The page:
(p.s. Kim Cheng will say I'm just paranoid, but with all this talk about marriageability and Norbert e-mailing the RBC Ministries pamphlet on marriage to the Yahoogroups, traces of the Marriage Conspiracy are just a little too close for comfort.)

Entangled in Black-and-White

(Photograph by Ansel Adams, 1962. Sierra Nevada, Winter Evening.)

Black-and-white photography is still a viable art form today; some argue that black-and-white photography with large-format cameras is unparallelled. Ansel Adams would know, I suppose.

Its very nature suggests it is less about representation and documentation than selection and perception.

(Emmanuel at the Asia-Europe Institute, University of Malaya.)

Perhaps that is why I have been interpreting a good number of my pictures in black-and-white lately. After all, colours sometimes deceive, and in two ways at that: sometimes the colours of a scene carry it so powerfully that most, if not all, other elements pale in comparison; and sometimes colour photographs bring back to mind the scenes they represent with such familiarity that we enjoy the photographs purely on the strength of nostalgia.

But with black-and-white, an image loses a lot of what makes it present and immediate. What is left is the strength of the composition, the viscerality of the emotion(s) conveyed by the subject(s), and the texture of the scene. It is a residual art form not unlike the art of surveying the ruins of a lost civilisation: ruins which may at times have a deeper and greater story to tell than the glories of the original.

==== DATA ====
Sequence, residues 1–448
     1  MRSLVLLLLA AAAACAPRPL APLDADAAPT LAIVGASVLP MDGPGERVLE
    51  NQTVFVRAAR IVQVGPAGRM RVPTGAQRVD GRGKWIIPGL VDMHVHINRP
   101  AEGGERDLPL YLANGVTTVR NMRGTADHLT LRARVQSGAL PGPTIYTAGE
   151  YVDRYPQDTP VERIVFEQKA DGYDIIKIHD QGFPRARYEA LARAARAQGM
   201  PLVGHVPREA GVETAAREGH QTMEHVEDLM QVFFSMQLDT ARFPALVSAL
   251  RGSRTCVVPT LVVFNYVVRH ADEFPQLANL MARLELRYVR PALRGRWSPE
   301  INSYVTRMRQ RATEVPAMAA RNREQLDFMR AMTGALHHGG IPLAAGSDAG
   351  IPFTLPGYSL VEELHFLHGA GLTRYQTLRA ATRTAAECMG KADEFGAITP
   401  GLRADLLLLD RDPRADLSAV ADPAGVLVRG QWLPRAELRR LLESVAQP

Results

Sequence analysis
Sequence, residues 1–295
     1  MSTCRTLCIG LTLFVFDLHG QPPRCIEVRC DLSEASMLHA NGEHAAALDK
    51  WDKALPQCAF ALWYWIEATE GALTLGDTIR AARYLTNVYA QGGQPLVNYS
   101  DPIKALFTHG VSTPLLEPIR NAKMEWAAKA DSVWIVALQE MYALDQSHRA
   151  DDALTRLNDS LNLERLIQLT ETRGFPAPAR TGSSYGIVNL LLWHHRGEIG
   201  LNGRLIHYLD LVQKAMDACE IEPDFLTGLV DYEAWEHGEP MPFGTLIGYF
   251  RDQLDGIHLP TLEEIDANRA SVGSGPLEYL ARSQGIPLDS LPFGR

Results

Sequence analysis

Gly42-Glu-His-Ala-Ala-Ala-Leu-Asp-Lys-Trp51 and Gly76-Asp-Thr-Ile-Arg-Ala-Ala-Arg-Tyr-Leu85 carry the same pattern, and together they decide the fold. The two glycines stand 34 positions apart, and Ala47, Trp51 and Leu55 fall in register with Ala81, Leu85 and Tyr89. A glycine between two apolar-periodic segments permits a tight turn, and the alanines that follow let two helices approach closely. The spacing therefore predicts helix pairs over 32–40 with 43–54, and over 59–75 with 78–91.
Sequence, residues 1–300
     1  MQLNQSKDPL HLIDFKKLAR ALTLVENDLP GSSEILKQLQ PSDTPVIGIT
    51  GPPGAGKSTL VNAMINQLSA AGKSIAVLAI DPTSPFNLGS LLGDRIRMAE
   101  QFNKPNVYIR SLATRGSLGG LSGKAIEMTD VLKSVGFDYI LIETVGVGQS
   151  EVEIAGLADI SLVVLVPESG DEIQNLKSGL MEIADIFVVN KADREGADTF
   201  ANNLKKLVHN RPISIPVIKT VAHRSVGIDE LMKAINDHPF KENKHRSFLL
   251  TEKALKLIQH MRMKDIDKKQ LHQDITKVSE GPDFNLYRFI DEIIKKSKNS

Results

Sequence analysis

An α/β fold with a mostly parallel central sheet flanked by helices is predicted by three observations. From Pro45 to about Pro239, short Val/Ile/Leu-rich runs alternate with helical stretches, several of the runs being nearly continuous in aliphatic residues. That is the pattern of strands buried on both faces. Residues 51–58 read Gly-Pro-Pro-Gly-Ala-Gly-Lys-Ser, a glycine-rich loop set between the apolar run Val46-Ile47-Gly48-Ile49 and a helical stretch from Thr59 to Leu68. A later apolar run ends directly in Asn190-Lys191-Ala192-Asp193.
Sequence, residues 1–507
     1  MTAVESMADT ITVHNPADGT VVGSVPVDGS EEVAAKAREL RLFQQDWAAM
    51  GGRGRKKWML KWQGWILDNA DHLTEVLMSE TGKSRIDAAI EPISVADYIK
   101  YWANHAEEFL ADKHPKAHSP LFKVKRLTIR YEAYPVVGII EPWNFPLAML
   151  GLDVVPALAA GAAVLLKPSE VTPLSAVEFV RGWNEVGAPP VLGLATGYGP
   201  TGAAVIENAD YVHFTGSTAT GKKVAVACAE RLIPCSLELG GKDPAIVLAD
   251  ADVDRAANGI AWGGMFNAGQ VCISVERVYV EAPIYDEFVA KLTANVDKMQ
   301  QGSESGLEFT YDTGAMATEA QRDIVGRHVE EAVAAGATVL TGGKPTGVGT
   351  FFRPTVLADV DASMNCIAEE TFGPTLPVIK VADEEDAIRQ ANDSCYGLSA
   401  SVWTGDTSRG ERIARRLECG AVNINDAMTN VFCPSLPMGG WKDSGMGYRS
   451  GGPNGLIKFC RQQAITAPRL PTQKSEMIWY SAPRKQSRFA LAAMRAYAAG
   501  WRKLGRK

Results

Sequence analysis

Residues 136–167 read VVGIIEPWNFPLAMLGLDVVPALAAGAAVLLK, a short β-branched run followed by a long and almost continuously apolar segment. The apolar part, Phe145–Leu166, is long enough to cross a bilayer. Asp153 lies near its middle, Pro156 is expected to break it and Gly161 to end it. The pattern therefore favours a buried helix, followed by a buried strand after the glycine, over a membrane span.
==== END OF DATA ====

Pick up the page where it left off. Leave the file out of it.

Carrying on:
* * * * *

When the opportunity to take photos as part of a team (this is very important; if I were the only photographer, I would've probably shot in colour) for the PKV's Easter Celebration came about, I gave serious consideration to black-and-white. I knew Tim and Yen would be shooting in colour, so I decided to experiment with black-and-white using my Canon EOS300 film SLR.

Perhaps it was a subconscious thing. I'd done the poster in black-and-white (for that was how I saw the theme and overall mood of Entangled) and so it was almost natural to follow with cast and ensemble photos in the same kind of contrasty black-and-white; thus was the treatment given to the photos Tim shot for the programme book. (A side advantage of this was that printing cost less in the absence of colour, and an artistic experiment found expression.)

In addition to the interest in black-and-white, I'd been inspired by the stuff I was reading about in this book on stage documentation and representation by Matthew Reason. The book also gave me ideas in terms of framing and the overall philosophies undergirding stage photography.

(Photograph by Chris Van der Burght, 1999. From the production India Song.)

Take, for instance, what one of the book's featured photographers said: